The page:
Search | Search by Center | Search by Source | Keywords in Title
Ensrud KE, Larson JC, Guthrie KA, Crandall CJ, LaCroix AZ, Reed SD, Bhasin S, Mitchell CM, Joffe H. Changes in serum endogenous estrogen concentrations are mediators of the effect of low-dose oral estradiol on vasomotor symptoms. Menopause (New York, N.Y.). 2022 Sep 1; 29(9):1014-1020.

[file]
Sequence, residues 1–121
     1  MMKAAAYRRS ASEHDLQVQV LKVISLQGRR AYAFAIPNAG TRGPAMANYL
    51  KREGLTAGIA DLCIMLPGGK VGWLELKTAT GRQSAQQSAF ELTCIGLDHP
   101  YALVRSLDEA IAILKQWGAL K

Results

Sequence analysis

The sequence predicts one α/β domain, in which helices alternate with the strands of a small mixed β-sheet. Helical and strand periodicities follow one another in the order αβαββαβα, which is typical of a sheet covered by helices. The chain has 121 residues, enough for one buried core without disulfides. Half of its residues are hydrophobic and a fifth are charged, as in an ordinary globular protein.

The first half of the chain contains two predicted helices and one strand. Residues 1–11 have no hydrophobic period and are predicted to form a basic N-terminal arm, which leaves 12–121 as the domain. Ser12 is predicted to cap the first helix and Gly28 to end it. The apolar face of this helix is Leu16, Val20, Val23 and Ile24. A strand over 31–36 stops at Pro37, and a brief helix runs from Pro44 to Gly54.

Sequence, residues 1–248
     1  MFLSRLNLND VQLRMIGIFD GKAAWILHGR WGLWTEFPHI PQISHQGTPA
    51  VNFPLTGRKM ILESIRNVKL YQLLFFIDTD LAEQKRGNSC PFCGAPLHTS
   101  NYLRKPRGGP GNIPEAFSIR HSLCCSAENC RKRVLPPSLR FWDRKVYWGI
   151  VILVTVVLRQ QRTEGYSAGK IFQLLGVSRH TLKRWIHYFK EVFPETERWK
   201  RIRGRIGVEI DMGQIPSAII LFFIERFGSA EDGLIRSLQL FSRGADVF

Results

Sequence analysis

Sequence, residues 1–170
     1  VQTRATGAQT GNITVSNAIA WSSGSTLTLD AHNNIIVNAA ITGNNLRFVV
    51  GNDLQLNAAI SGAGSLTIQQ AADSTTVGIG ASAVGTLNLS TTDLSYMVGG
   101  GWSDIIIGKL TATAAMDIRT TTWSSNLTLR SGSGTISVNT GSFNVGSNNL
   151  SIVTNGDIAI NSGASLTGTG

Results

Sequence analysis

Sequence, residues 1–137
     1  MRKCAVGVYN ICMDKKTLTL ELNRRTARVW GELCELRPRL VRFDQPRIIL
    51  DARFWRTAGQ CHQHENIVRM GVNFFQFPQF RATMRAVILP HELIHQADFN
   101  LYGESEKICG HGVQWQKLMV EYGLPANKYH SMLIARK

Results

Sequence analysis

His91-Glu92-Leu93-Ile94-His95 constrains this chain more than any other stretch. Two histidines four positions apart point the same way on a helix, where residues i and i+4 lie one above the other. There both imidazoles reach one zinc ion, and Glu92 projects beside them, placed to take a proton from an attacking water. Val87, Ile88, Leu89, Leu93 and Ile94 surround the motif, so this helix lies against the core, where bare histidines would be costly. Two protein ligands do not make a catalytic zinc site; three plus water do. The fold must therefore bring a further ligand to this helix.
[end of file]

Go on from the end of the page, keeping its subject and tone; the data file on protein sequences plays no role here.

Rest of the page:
OBJECTIVES: The aim of this study was to quantify changes in serum total estradiol (E2) and estrone (E1) concentrations with initiation of low-dose oral estradiol treatment and evaluate whether changes in concentrations mediate the effect of treatment in reducing vasomotor symptom (VMS) frequency. METHODS: We analyzed baseline and week 8 (W8) data from 171 perimenopausal and postmenopausal women with VMS enrolled in low-dose 17 estradiol ( n = 72) and placebo ( n = 99) groups of a randomized clinical trial. RESULTS: From baseline to W8, women in the low-dose estradiol group had a fourfold increase in E2, resulting in a W8 E2 of 23 pg/mL, and a fivefold increase in E1, resulting in a W8 E1 of 110.7 pg/mL. In contrast, E2 and E1 among women in the placebo group were unchanged from baseline to W8. Changes in E2 and E1 from baseline to W8 met criteria for mediating the effect of low-dose estradiol treatment on VMS frequency. With change in estrogen concentration added to treatment assignment in a regression model predicting W8 VMS frequency, the effect of treatment with low-dose estradiol versus placebo was attenuated, with change in E2 representing a 44.1% reduction ( P = 0.03) and change in E1 representing a 69.5% reduction ( P = 0.02) in total intervention effect. CONCLUSION: Among perimenopausal and postmenopausal women with VMS, treatment with low-dose oral estradiol versus placebo results in four- to fivefold increases in serum E2 and E1. The increases in serum E2 and E1 with low-dose oral estradiol treatment seem to mediate in part the effect of treatment in reducing VMS frequency.